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MLA Full: "Empathy and its Limits." YouTube, uploaded by vlogbrothers, 28 February 2023,
MLA Inline: (vlogbrothers, 2023)
APA Full: vlogbrothers. (2023, February 28). Empathy and its Limits [Video]. YouTube.
APA Inline: (vlogbrothers, 2023)
Chicago Full: vlogbrothers, "Empathy and its Limits.", February 28, 2023, YouTube, 03:46,
In which John thinks about the limits of empathy, how we conceive of suffering, and how little he knows about being a bird. This video uses a format called The Format.

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I wonder if birds dislike rainy days. Good morning, Hank, it's Tuesday. I don't know much about what it's like to be a bird, and yet I'm more like a bird than I am like almost anything. I'm trying to get some high-qualtiy footage of birds to officially emphasize my point, but whatever you know what they look like. But I'm more like a bird than I am like a bacterium, right? Or like a tree. And yet I have absolutely no idea what it's like to be a bird. Wha-wha-what are their days like? I've been thinking a lot recently about the limits of human empathy. Not to be a bummer, but over a 150,000 people are gonna die today, and if I felt as strong about all of their deaths as I would about a death in my family, I wouldn't be able to function, right? So I understand that empathy needs to have limits, but like, I feel like my empathy is-is too limited. 

So this sycamore tree is actually older than the moving image, so I-I'm filming something that existed before the idea of filming something. Do birds enjoy the smell of pine trees? Do they dwell on their past failures? Do they feel like a kind of low-level background anxiety all the time? I don't know. Alright, let's get the weather post-cast with yesterday's iPhone, John. It's raining, which may or may not be pleasant for birds. I-I don't know.

Of course strategies for limiting empathy are built right into our language, like, think about the English word used to describe people in the 19th century disabled by tuberculosis: Invalid. They were literally called invalid. Invalids were often unable to get out of bed which made it difficult for them to participate in the social interactions that were deemed essential to humanity, from worship services to participating in physical chores. And when you read memories by people who identified as "invalids" in the 19th century, they often express a feeling that the world is ignoring them and has left them behind, as if they full empathy of their community cannot extend to them because they've become invisible. Because they are somehow invalid.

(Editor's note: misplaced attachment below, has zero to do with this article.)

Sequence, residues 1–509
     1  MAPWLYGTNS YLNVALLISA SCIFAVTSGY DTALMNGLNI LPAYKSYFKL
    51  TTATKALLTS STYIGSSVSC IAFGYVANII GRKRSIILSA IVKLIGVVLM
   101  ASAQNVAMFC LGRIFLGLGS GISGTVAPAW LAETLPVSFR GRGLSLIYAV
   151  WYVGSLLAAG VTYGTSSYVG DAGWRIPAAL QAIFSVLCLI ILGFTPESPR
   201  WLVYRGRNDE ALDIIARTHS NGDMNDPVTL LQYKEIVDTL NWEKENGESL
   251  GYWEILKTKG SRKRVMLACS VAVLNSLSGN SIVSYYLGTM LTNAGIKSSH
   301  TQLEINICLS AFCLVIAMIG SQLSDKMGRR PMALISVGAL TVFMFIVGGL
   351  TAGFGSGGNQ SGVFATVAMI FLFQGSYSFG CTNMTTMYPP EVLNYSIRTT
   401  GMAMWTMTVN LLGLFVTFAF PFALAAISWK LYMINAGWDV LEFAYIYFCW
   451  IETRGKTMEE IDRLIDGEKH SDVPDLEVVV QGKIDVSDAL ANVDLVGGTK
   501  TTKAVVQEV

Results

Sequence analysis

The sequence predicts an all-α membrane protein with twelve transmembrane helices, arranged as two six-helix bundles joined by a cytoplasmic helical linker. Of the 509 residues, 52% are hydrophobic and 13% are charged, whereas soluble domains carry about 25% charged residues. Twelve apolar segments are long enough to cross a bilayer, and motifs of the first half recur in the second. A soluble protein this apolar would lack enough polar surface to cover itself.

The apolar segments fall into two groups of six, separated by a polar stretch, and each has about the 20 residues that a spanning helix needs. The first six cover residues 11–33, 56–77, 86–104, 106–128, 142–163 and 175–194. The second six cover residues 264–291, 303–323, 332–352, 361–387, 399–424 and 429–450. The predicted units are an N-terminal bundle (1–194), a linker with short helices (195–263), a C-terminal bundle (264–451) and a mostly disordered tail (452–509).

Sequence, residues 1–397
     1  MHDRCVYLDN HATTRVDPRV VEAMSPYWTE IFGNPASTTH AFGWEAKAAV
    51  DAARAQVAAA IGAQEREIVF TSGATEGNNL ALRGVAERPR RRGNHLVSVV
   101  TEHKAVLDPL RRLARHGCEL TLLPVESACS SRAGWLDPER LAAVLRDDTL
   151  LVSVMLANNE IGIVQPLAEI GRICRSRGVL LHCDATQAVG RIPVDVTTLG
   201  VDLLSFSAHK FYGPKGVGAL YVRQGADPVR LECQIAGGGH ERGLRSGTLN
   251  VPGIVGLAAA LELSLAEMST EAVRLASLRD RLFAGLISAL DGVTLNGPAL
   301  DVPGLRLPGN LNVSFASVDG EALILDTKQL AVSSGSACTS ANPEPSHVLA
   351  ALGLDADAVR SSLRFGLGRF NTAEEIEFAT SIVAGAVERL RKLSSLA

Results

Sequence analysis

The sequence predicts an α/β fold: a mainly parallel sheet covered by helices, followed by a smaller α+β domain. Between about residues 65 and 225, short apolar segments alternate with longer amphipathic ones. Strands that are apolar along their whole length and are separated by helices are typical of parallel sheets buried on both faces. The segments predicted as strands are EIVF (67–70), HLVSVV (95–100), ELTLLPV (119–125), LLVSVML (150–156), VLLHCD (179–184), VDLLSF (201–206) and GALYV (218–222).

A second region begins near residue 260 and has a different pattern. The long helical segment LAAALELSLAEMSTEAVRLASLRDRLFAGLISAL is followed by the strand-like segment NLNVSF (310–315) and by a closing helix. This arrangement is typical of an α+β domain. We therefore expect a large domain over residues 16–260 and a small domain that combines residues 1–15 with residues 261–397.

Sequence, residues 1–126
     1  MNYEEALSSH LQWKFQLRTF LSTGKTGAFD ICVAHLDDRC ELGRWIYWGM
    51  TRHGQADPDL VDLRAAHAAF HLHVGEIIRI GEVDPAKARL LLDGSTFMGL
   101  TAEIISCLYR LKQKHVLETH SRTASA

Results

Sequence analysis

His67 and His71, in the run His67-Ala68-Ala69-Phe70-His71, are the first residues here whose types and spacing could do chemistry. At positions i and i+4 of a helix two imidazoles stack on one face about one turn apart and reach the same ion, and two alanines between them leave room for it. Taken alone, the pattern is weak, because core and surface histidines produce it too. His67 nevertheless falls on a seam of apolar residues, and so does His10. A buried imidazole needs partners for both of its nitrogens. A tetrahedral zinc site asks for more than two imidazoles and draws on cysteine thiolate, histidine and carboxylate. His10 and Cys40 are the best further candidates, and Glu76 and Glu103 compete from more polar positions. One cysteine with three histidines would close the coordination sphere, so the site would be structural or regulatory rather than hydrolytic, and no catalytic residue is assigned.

I mean buying this 30-foot microphone cord is the single best decision of my entire life so far. But of course there's nothing invalid about living with illness, except that our social order makes it so. Am I on screen? I can't really tell. I'm just gonna, oh that's me. Anyway, reading about how bad we were at listening to the sick in the 19th century has really helped emphasize for me how bad we still are at it. Like about 93% of all humans who are currently alive will eventually die of illness. I'm down here by the way. A phenomenon so common that we refer to such deaths as natural, as in the sentence, "they died of natural causes." So being sick isn't unnatural or invalid, it's literally universal and yet still, we try to explain away or deny other people's suffering. We say, "Oh, it's all in their head" or "Oh, that happened because they smoked cigarettes" or  "Because they ate these foods." Illness is not some moral narrative, and conceiving of it that way is yet another barrier to empathy.

I guess the thing about birds is that we can't listen to them, or at least we haven't yet figured out a way to listen to them well. But we can listen to other people. Like people in the 19th century could have listened to invalids. I know because I've just read a bunch of their memoirs. I guess there probably is something inherently isolating about illness, right? Like when I had meningitis, I was very rarely alone except in my fear and pain where I was always alone. But there is something I can do. I can't know what it's like to be a bird and I can't know what it's like to have someone else's pain, but I can listen to other people when they tell me of their pain and I can believe them. In short, we validate each other.

Hank, I'll see you on Friday.